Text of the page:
1. Hello Keith,
    Until now, I remained unconvinced that I needed a “blog.” I understood the need for a web site, but now I understand how the content piece you write about on this site connects to the rest of the “blogosphere.” And you make it sound like I could actually do this. I’m pretty good at “networking” professionally, but that kind of networking online just never made sense — it really does now!
    Now, to get a blog . . .
    Thank you,

    • Hi Iala,
      I’m happy to hear the post was useful to you.
      And, you don’t have to wait to get a blog to get started with your online “networking.”
      You know the general direction in which you want to head: Find blogs and a forum where other people share similar goals to yours, and begin to get known.
      But it looks like you already know that — we know you here at TransformNation.
      And, when you’re ready to build that blog, we’re here to help you take those all-important first steps.

      Thanks for your input!


      • I am assuming you mean join forums where I can ask lots of questions! I have a ways to go before I could answer any!
        Thanks for your encouragement! This is exciting…

  2. I clicked on the link you provided and looked at a lot of those sites that “are top 40.” A lot of touchy-feely stuff on that list, but what really stood out to me was how many of those people he chose were because he either met them at a blogging event, or “they just started popping up” on his radar through guest blogs and stuff.
    Anyway, my long way of saying, you really nailed it with this post: this is the new “networking,” and you really explained it nicely. A friend told me about your site, will explore more.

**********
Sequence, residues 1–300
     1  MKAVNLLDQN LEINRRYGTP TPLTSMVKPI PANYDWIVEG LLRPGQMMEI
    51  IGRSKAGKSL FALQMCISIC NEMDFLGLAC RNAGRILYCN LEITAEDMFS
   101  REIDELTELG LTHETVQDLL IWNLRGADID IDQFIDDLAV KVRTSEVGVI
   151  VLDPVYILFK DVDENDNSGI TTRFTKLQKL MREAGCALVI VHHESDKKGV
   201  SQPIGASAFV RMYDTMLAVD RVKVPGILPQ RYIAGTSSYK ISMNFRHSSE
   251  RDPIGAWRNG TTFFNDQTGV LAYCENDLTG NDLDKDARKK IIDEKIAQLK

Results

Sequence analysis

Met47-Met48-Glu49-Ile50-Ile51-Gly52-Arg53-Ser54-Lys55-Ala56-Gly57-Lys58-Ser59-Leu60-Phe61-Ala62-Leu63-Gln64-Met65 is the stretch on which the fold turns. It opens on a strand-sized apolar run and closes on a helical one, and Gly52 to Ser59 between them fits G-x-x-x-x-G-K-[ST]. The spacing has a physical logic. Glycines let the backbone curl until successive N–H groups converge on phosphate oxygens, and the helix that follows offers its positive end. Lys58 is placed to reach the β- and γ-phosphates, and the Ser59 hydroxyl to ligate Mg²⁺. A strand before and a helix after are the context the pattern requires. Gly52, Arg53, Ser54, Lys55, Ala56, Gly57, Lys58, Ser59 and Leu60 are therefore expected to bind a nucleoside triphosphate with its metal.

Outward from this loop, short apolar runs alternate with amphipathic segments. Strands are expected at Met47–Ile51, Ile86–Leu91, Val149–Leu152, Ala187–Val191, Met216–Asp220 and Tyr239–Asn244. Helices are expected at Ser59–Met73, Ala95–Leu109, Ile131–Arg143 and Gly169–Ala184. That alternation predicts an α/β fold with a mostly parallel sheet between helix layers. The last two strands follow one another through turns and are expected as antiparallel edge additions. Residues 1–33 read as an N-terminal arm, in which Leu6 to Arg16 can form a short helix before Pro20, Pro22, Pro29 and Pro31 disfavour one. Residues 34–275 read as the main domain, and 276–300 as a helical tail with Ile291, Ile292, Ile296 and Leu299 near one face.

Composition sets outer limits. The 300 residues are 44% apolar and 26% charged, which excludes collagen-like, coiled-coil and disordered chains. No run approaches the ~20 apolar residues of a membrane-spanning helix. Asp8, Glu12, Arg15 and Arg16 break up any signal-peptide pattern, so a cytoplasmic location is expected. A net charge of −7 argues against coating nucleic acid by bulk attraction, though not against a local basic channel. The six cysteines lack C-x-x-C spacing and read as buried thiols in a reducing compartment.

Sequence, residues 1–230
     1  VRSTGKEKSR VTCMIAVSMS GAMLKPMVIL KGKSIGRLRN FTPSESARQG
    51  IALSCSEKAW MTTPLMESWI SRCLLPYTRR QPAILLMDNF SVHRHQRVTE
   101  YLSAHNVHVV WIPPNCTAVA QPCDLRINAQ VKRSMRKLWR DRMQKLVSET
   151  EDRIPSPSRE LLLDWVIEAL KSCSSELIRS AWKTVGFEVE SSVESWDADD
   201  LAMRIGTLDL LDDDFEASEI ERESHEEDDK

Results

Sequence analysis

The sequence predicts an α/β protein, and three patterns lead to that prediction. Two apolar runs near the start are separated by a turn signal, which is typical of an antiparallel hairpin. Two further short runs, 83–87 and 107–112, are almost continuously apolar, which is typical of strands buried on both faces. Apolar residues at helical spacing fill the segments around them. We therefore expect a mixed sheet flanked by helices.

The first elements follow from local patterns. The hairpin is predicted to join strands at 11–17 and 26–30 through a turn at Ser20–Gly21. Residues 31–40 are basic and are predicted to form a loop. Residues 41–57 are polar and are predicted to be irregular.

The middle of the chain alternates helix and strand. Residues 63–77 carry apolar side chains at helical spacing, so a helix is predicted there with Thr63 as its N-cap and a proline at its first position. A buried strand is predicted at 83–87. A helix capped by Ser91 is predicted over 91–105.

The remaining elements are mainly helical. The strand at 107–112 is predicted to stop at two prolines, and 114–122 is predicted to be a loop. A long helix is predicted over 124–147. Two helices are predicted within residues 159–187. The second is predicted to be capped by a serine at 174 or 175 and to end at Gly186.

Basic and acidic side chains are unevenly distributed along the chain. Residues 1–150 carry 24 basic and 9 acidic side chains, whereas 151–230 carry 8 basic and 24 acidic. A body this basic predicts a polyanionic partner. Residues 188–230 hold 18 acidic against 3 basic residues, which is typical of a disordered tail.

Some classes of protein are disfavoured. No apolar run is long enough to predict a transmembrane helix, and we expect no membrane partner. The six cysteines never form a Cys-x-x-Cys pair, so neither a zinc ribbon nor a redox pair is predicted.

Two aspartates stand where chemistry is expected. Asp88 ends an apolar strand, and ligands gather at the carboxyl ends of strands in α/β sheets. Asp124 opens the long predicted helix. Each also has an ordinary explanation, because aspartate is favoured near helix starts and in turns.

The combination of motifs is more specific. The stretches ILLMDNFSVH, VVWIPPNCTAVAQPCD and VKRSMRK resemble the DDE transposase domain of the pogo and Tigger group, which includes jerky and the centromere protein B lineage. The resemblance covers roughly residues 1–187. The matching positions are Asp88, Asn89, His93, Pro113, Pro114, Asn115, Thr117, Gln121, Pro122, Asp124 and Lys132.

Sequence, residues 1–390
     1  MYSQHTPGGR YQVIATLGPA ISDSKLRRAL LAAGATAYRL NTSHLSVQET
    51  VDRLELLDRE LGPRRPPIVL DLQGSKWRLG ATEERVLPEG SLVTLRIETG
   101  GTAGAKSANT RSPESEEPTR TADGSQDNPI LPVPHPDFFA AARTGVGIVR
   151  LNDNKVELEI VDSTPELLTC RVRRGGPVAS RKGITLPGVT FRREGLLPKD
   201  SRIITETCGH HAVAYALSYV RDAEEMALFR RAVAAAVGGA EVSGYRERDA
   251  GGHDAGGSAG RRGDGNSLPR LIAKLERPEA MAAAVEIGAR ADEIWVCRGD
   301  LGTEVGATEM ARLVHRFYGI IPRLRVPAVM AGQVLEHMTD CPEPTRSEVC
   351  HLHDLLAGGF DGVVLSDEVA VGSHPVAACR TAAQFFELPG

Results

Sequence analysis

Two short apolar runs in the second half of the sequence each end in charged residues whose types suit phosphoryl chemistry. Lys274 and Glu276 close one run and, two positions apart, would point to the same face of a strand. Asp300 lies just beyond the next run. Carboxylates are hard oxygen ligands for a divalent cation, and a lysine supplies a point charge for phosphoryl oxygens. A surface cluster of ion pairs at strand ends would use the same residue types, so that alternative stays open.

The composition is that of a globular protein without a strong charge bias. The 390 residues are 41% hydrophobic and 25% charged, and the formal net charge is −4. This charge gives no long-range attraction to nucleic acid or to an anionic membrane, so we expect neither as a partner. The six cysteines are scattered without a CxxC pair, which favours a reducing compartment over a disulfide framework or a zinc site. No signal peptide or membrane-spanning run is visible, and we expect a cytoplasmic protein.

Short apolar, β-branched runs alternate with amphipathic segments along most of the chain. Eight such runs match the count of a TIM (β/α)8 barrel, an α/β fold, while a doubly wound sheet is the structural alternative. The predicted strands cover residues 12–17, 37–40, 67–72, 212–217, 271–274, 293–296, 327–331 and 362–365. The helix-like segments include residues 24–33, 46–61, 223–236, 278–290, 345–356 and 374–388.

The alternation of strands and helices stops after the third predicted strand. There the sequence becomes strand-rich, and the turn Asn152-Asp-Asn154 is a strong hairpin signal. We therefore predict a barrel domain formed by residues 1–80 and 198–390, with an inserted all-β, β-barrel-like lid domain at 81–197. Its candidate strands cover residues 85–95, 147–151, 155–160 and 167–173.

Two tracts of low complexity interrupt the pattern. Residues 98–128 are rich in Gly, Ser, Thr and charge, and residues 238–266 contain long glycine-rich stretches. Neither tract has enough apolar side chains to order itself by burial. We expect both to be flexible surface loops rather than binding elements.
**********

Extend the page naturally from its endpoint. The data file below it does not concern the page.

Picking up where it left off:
• Gregory,
      Welcome, thanks for reading and adding to the discussion.
      You put it nicely; I like this “new networking,” because it’s based on an exchange of value. You build a relationship of trust and authority with others based on the value you provide. I prefer that.

  3. Hi Keith,
    I don’t have an online business yet, or a web site; and yet I’ve been writing articles for a few sites for over a year now, and developing a nice email relationship with some of the readers of those sites. I was even asked to speak at a conference (couldn’t go.) At one of the “online business” workshops I went to last year, one of the gentlemen there heard this and blew a gasket – he told me I was completely wasting my time without a web site to point those readers to.
    So, I’d say your image at the top of this web page is appropriate: You just put the puzzle pieces together for me: It’s OK to continue to write, because it’s about the relationships! Inherently, I knew this sounded correct, thanks so much for putting it together.
    Like Iala said, now I really am looking forward to getting a web site to further develop those relationships.
    Thanks, again!

    • Hi Mark,